Is radical honesty the best policy?

Radical Honesty.Brad Blanton practices ‘radical honesty’ - not only completely honest about everything, but forthright. He claims that all sources of anxiety come from our inabilities in culture to remain completely honest with each other. At first, a somewhat reasonable initial proposition; upon some further reflection, this seems impossible to accomplish; and upon even further reflection, this seems almost spiritual in nature. More info on Brad Blanton here.

Does radical honesty enable us to completely focus on process instead of product? Maybe it is not the specific content of our interactions that matters as much as the continual process of growth and sharing [true intimacy] between people. And, that only by being completely open with each other, can we find true authenticity in our relationships. Also, being continually hurt and hurting others with full honesty allows us all to grow as individuals, and develop a much deeper sense of empathy. However, it is worth the pain caused in the process? I am slowly being convinced it may be so.

Is radical honesty the best policy?

4 Responses to “Is radical honesty the best policy?”

  1. Eric Gunther says:

    The answer lies in the evolution of the lie.

    A behvaior as widespread as lying is most probably an evolutionary adaptation. From an ethological standpoint, why do we lie? Probably as a means of maintain group cohesion. Alternatively, maybe as a means of competition among members of the same species.

    Lying was boranj. It “worked” for thousands of years, but just like most other evolved behaviors, has some nasty side effects. As these parallel stories are woven, their resolution, connection, and conflict with reality brings us deep anxiety.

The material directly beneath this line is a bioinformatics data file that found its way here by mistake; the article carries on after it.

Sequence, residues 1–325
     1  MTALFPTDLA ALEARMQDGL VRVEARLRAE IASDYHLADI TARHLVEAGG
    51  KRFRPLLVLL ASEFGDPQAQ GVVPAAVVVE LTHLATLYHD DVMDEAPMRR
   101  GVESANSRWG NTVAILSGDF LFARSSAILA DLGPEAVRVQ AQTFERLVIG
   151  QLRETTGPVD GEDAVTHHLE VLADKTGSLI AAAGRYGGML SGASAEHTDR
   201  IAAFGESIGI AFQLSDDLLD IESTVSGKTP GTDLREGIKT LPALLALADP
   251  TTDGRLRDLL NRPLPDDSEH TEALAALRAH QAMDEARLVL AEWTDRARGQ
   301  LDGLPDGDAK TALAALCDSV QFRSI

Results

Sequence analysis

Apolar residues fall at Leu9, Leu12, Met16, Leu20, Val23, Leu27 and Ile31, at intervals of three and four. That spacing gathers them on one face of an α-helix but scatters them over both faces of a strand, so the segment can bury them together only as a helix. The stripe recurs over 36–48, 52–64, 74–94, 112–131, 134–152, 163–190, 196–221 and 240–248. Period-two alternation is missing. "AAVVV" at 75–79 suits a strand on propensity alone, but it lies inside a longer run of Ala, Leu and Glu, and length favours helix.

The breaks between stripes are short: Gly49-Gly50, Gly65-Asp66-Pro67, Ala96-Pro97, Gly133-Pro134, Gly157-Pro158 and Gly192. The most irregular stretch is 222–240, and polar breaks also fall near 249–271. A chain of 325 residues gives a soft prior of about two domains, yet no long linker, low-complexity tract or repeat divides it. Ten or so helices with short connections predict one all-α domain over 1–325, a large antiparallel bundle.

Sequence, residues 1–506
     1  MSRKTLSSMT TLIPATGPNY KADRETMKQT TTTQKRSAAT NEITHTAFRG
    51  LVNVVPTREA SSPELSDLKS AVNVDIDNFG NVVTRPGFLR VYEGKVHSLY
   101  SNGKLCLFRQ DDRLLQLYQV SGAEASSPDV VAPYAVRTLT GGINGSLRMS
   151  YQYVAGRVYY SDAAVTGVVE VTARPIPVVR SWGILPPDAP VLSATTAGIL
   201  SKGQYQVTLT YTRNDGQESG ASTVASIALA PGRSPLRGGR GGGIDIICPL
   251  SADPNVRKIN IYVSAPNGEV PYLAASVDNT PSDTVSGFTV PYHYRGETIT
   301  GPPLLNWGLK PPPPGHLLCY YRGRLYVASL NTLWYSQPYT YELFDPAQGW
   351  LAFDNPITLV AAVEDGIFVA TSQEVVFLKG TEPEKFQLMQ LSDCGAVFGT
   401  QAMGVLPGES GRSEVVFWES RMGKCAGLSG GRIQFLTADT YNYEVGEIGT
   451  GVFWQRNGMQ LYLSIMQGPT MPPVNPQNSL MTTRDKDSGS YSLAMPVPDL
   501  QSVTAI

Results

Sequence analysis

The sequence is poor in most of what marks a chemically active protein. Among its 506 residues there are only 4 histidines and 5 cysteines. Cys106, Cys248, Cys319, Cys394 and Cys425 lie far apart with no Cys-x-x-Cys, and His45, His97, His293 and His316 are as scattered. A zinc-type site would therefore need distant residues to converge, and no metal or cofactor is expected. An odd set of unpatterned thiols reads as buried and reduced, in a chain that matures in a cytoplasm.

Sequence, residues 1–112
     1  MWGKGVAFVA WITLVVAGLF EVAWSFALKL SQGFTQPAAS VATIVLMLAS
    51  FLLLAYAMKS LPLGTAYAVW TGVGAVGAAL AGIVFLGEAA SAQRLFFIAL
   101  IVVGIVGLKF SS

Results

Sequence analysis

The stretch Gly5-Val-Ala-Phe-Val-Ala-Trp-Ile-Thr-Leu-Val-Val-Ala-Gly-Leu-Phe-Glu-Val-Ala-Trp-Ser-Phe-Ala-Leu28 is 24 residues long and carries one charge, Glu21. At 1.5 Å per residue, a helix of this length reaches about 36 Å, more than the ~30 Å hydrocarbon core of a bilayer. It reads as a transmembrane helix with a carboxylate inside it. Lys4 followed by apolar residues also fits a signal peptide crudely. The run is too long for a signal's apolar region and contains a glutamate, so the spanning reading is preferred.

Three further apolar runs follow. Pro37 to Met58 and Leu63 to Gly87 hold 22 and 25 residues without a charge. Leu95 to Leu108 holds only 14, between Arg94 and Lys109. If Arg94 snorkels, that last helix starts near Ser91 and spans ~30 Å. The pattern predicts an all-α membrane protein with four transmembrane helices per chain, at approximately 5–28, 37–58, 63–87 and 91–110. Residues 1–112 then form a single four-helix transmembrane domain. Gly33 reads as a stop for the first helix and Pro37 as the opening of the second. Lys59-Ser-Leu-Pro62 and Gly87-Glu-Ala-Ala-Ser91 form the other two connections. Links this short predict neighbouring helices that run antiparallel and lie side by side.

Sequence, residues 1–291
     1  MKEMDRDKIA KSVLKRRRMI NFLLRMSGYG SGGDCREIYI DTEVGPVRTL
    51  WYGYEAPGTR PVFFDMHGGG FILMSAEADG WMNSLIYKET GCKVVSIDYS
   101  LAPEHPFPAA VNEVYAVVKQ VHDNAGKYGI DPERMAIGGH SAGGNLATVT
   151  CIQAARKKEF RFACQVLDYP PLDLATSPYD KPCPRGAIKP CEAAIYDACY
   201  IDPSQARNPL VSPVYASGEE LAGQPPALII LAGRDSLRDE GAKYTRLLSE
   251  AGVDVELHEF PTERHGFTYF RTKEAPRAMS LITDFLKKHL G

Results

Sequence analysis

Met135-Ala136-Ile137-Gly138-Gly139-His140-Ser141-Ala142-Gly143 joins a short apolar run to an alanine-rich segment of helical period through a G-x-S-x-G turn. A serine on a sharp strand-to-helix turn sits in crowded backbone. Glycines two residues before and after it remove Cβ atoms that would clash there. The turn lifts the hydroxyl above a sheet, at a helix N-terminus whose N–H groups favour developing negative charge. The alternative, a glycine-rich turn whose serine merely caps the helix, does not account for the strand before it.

Think about the idea that lies always come back to bite you. They often end up bringing more pain in the end. Perhaps lies were a way of delaying interpersonal emotional pain until a better time for dealing with it came along.

    I gotta read up more on this one.

  2. Eric Gunther says:

    The best part about Googling “evolution of lying” is all the hits you get about how scientists are lying to us about evolution.

    Here are some good ones, though.

  3. dan says:

    The honesty part sounds awesome. The radical part i’m not as fond of. I like the idea of small steps better than radical change.
    Is it unavoidable that someone needs to take the radical stance in order for others to make the small changes?

  4. jeff says:

    I think of the radical part as akin to the search for spiritual transcendence - it is a radical departure from most people’s current behavior, but the implementation/process of getting there is made in small steps. No one, it seems, would instantly become a complete activist for radical honesty, without first testing the waters. After smaller tests of honesty in relationships, positive feedback [if it is] would lead eventually to fuller honesty in all interactions.

    Similarly, spiritual practices (meditation, etc.) take baby steps to implement eventually what may become a radical change in lifestyle - most days feel like small steps. I think it’s important for people to see that ‘maybe there’s something out there worth thinking about’ before they would ever give it a second thought in the first place. Seeing how he lives the lifestyle completely and how it seems to leave him in an enlightened state gives credence and evidence to the potential of his system.

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